HMP Bullwood Hall (serving custodial sentence; from 6.8.12 to 12.9.12 in administrative detention)

  30. On 30 April 2012, while serving his custodial sentence in HMP Bullwood Hall (to where he had transferred on 27 April 2012 from HMP Chelmsford), the Claimant was served with a notice inviting him to show reasons why a deportation order should not be made. On 8 May 2012 he made a claim for asylum. On 28 May 2012 his solicitors made further representations on his behalf, adding a claim pursuant to the European Convention on Human Rights. The Claimant stated that he was suffering from memory loss but raised no other medical concerns in these representations.

  31. The only s.33 exception relied upon by the Claimant was ``Exception 1'' which applies where removal of a foreign criminal pursuant to a deportation order would breach a person's Convention rights or the UK's obligations under the Refugee Convention.

  32. On 30 July 2012, the Secretary of State rejected the Claimant's asylum claim, his Convention claim and any claim for humanitarian protection, and certified the claims as clearly unfounded pursuant to s.94(2) of the Nationality, Immigration and Asylum Act 2002. (As I have said, the Claimant's subsequent attempt to challenge this certification failed.)

  33. Alongside this decision, on 30 July 2012, the Secretary of State served a deportation order on the Claimant. The deportation order was made pursuant to s.32(5) of the UK Borders Act 2007 which provides that the ``Secretary of State must make a deportation order in respect of a foreign criminal (subject to section 33)''.

  34. In accordance with s.36(2) of that Act (as it stood at the time The proviso in s.36(2) of the UK Borders Act 2007 has since been replaced with the words ``unless the person is granted immigration bail under Schedule 10 to the Immigration Act 2016''.), having made a deportation order pursuant to s.32(5), the Secretary of State was required to detain the Claimant pending removal ``unless in the circumstances the Secretary of State thinks it inappropriate''. This presumptive statutory discretion was, of course, subject to the implied constraints imposed by the common law, specifically the principles derived from R v Governor of Durham Prison, ex p. Hardial Singh [1984] 1 WLR 704, as refined and endorsed by the Supreme Court in R (Lumba) v Secretary of State for the Home Department [2012] 1 AC 245.

  35. The Secretary of State made a decision on 1 August 2012 to detain the Claimant to effect his removal from the UK. The letter to him explained the decision to detain him was made having regard to the likelihood he would abscond if released and the risk of further offending. Accordingly, on 6 August 2012, having served his custodial sentence, the Claimant was made subject to administrative detention, pursuant to immigration powers. He was held in immigration detention from 6 August 2012 until 23 September 2013, when he was released on bail.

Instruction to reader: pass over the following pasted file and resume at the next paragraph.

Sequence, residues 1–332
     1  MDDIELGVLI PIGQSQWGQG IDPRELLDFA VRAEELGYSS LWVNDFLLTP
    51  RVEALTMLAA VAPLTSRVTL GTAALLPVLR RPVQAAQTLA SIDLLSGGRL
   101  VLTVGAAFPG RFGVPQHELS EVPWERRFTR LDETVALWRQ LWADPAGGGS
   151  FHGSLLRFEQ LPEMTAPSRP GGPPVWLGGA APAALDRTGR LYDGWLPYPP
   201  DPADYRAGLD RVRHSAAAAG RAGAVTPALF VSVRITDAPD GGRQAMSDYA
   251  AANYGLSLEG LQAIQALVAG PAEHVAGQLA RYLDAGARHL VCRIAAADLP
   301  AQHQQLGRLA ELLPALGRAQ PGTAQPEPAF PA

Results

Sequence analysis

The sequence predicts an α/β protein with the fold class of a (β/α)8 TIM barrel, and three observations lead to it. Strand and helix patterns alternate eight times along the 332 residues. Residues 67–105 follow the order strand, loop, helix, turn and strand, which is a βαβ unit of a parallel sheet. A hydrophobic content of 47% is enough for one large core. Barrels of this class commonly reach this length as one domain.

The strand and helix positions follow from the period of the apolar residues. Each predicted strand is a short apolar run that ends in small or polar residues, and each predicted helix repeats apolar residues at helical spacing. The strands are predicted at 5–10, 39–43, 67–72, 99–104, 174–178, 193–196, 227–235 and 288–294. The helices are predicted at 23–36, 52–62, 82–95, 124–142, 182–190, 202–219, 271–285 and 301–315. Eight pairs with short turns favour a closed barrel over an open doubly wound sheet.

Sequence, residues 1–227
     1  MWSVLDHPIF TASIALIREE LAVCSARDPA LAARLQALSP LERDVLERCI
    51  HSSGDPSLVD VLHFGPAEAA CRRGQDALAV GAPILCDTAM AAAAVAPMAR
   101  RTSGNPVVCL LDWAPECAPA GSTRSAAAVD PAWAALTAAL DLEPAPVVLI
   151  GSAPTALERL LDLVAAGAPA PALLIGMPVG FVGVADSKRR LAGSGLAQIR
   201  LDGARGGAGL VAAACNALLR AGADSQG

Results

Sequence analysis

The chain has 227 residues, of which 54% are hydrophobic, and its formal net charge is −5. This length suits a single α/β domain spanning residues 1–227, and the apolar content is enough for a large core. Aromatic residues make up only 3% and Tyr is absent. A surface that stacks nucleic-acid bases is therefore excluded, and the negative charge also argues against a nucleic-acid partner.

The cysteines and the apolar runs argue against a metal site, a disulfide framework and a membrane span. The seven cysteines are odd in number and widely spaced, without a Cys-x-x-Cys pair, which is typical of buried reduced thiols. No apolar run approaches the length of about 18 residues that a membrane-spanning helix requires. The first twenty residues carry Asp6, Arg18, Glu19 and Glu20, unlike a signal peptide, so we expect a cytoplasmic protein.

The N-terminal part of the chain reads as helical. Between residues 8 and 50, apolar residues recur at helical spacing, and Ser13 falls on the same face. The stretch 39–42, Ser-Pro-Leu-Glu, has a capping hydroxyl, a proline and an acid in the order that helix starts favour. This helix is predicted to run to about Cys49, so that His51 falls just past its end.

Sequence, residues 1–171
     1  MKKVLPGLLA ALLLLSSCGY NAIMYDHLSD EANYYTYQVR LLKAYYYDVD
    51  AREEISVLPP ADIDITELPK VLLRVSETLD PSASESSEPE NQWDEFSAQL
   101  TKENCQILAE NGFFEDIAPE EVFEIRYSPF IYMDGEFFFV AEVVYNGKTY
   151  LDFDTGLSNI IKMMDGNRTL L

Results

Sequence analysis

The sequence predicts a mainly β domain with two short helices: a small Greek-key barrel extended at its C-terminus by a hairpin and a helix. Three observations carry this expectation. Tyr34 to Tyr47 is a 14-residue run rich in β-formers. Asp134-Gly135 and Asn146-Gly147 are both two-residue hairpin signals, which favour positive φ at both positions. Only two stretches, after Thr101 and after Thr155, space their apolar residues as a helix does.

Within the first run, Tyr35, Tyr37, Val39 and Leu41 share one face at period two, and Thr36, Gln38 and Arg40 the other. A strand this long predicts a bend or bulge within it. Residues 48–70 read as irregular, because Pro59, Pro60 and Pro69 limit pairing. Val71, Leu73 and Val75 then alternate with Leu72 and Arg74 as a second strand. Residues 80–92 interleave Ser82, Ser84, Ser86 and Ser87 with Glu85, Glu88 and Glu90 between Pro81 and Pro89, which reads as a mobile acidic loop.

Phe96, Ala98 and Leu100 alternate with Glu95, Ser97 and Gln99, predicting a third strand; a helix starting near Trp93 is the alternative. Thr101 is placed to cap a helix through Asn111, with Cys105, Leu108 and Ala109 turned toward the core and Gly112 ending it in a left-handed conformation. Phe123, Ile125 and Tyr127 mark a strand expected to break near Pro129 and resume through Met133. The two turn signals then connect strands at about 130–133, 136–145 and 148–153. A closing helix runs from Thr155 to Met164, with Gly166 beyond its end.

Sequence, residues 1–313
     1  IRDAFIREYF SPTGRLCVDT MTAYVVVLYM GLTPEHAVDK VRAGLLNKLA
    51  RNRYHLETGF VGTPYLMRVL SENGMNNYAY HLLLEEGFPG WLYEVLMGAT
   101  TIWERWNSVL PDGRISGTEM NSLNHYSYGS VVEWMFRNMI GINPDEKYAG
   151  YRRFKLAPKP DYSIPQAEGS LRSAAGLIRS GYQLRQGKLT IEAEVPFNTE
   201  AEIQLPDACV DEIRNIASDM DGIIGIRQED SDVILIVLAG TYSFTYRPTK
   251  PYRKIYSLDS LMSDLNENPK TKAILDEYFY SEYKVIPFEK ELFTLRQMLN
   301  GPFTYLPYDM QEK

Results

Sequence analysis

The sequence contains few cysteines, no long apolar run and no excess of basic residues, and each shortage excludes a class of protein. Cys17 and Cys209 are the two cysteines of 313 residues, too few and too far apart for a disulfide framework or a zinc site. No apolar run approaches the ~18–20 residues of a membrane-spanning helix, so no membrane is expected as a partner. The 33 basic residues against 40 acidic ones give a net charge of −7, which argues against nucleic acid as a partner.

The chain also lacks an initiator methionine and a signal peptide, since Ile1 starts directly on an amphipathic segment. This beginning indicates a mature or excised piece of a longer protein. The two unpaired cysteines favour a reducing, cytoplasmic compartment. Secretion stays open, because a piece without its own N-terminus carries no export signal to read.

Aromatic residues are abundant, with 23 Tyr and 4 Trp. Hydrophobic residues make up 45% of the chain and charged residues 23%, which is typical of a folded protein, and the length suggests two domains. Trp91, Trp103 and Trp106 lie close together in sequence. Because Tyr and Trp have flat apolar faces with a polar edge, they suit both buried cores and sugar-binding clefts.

36. The only barrier to removal of the Claimant, on 6 August 2012, was that he held (or claimed he held) no travel documentation that would enable him to return to Nigeria. UKBA sent the emergency travel documentation (ETD) pack to the Nigerian High Commission on 21 August 2012. The Claimant was interviewed by the Nigerian High Commission on 13 September 2012 and Nigeria agreed in principle to provide emergency travel documentation.

  37. On 17 August 2012 the Claimant went to the healthcare section in HMP Bullwood Hall. He said that he was ``tired of life'', he was being deported and he wanted to kill himself. He asked a GP ``to give him medication to take his life - wants poison. Says he has nothing to live for - apparently lost appeals against immigration - not clear about this. He has come to conclusion that life is not worth living. He would be happier if he could stay in UK.'' As a result of this threat of suicide, the Claimant was put on constant watch. It was recorded that he did not want to engage with the mental healthcare team or take medication.

  38. The Claimant was seen by Dr Deo, a psychiatrist, and Tara Merrell, a mental health in-reach co-ordinator on 21 August 2012. The notes record that they ``did not feel that Mr Aboro was at genuine risk of self harm here in prison or in the UK, and that there was no evidence of any mental health problems at present. However, he did state that on returning to Nigeria, he would consider ending his own life''.